“We are unable to provide a definitive timetable for reporting because it will depend on the responses we receive within the clearance process.”

Only a handful of senior officers were involved in the procedure surrounding Ian Westley’s departure.

The inference which can be safely drawn from Audit Wales’ report to the Audit Committee is that some of its content will be critical either of councillors, senior officers, or both.

The process of asking those named to respond is known as Maxwellisation, a legal practice that allows persons who are to be criticised in an official report to respond prior to publication.

The report highlights the exceptional nature of the case at Pembrokeshire County Council and demonstrates the sensitivity of the issues raised.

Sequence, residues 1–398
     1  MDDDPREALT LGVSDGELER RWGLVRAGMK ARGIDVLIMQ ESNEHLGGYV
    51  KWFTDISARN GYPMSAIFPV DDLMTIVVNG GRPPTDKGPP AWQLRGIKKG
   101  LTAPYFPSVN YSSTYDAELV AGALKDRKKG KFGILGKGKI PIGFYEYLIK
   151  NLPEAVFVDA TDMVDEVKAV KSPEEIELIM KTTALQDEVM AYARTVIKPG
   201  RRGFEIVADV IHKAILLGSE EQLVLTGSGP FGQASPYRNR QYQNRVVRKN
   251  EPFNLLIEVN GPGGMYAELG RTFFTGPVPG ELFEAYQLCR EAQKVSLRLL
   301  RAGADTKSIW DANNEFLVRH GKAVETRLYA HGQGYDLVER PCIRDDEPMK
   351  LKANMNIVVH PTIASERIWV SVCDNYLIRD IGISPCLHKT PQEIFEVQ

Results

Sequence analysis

If senior officers are sharply criticised or found to have failed in their duty to their employer, they will almost certainly have to go.

The council’s interim Chief Executive will read the document after maxwellisation.

It is also likely that the council’s newly appointed Chief Executive, Will Bramble, will have a chance to see it.

The Audit Wales spokesperson added: “We are unable to provide a definitive timetable for reporting because it will depend on the responses we receive within the clearance process. We are unable to respond to queries about our emerging findings whilst the audit is progressing, and until we have finalised our conclusions.”

In January, Cllr Jamie Adams had called for the council to commence an internal investigation into Mr Westley’s departure but that was deferred to allow for the Audit Wales review to be completed.

Cllr Adams said that the decision of payment should have been a ‘democratic decision’ and has asked why that wasn’t the case.